We are three Finnish educators presenting a paper on social media and stories of learning at ITK (a Finnish conference) in April 2010. We have a bilingual Finnish - English blog where we would welcome your comments and stories about learning in the digital age. Has learning changed, how? Please comment!
We see the same in Ireland - aided also by many restrictions in schools on what sites can be accessed on school property. I was just doing a presentation and unfortunately had forgotten that YouTube was off limits. Rather than teach responsible web work they restrict sites that worry them.
Not just the sites that worry people - our system seems to work on the theory of: If it hasn't been deemed safe, block it! As a result, both our online roll-marking system has often been blocked for malicious content. Similarly, I discovered that Shakespeare was inaccessible due adult content.
The network at my school is completely open. I had a blacklist running to filter out unwanted websites, mostly because fellow teachers asked for some kind of "protection". We can also use a whitelist. But nearly no one uses this feature of our system.
In my opinion it's more important to teach students what sites to access and which to avoid. We've got some basic rules (no nudity, no violence, no Nazi stuff and no games). Students are reminded of these now and again. Those who ignore these rules are banned from using computers for half a year or more. We've only had few threspassers in the past. Students know they can have all the world's content at their homes. They often ask whether they can log in to their social networks and we don't mind as long as they are busy on their tasks too.
This may take us into whether education has changed in its dictatorial stances - and if so how. In the school I grew up in we were challenged for the way we dressed, talked, thought and the subjects that interested us.
Before we talk about the digital age we should try and find out why is there such a high illiteracy level in the world. I believe that the high rate is because we have not accepted the fact that the problem is with the English language and not the students.
I have been successfully teaching dyslexic childen for more than 5 years. I have the benefit of having taught dyslexic students who read in more than one language and as such have been able to compare the reading ability in 3 languages. My dyslexic students have no problem reading in languages other than English.
The people who write on dyslexia say that dyslexics cannot connect the sounds of the letters and the words they represent. This is completely wrong as my students have no problem conneting letters/words and sound in Malay and romanised Mandarin - both languages are read in romanized text just like English.
Please read my blog for more detail and your comment will be highly appreciated. I would also think that if there are dyslexics in Finland they would not have a problem with the Finnish language as much as they have with English. Could you comment on this please.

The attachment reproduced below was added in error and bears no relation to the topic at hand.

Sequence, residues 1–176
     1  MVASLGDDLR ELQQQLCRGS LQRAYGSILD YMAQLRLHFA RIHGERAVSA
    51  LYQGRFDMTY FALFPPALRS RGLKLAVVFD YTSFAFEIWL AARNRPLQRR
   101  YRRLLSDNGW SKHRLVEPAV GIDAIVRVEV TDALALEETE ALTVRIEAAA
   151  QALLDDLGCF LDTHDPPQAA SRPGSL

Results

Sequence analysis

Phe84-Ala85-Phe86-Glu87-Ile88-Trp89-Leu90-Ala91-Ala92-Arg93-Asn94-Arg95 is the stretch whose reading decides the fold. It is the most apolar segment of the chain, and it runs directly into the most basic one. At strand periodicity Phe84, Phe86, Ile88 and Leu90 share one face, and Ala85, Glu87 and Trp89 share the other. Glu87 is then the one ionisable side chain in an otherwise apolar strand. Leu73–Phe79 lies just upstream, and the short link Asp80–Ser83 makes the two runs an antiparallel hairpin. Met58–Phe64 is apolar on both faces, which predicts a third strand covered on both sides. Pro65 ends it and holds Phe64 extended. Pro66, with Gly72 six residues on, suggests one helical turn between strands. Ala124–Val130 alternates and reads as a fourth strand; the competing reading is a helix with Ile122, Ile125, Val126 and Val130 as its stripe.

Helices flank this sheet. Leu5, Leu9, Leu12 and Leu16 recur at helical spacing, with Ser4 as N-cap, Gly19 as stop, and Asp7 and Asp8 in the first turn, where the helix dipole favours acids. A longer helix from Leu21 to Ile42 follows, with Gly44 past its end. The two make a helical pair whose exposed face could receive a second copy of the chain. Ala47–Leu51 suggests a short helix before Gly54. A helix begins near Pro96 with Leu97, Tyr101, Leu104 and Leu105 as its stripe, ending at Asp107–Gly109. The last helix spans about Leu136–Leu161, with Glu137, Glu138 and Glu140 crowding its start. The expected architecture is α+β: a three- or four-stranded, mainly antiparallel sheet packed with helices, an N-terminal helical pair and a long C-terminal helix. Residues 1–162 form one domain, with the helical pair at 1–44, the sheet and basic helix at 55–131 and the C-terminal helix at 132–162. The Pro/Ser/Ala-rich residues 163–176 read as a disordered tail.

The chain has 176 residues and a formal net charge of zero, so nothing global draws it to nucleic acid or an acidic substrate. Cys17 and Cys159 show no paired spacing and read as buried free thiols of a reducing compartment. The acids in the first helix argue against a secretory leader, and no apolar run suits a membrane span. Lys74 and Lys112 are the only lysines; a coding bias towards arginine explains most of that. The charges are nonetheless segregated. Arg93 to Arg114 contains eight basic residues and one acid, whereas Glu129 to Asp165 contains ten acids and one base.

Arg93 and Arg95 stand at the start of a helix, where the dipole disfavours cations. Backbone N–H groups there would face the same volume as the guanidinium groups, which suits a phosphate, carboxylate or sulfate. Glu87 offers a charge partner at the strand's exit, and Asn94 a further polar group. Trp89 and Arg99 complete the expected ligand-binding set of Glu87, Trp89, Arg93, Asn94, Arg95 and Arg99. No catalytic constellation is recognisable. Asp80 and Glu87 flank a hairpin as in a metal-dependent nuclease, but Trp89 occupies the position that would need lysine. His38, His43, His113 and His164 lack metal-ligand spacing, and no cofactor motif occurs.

My blog: http://www.parentingdyslexia.com
My e-mail : email@example.com
Thank you and kind regards,
Thank you for your comments. English is definately more difficult than Finnish for a child with dyslexia. In Finland for some reason English teachers don't teach phonics. Children are supposed to memorize spelling. My daughter is not a visual learner so this has been a major problem.
Has learning changed? Well we've had a yes and a no reply. I'll take the middle ground and say yes and no.
Most of the fundamental learning and teaching skills are still as important today as they were years ago. What's changed is that there is now an extra set of new tools (in particular, the Internet tools). So to be competitive and successful [whatever that means] it's worth utilising the old fundamental skills and the new 21st century skills.
I've been thinking about this one and have decided to move to the yes and no camp as I realized that with the advent of brain wave technologies we are on the edge of being able to help people keep their focus when up against a learning curve that is hard for them - this could change educational practice as well as its processes.
A big thank you to all of you who contributed to this discussion. As a part of the annual ITK conference, my colleagues and I presented you views on learning and teaching in the digital age. We made a 10 min video in Second Life where we had a Google earth map showing where all of you come from as we discussed your comments. It was a big success and it was also great for Finnish teachers to hear that all around the world we are dealing with more or less the same challenges. The conference theme was digital dreams and reality which I think suits this conversation as well.
Many of us have a vision or dream about the future of education. Learning will have changed meaning everyone has the right to learn at a pace and in a way that best suits the learner in question. Teaching has to change if this vision is to become the future of education.
Hi Nellie - it's a condensation of lots of area's (wider than the educational domain). It's based on the fundamental question: why are we educating students? Two key answers to that are: for economic success; and to enhance the quality of life. The former focuses on the skills necessary in a 21st century business. The latter includes things like being "relaxed and focused", but that also aids your effectiveness in the work place.
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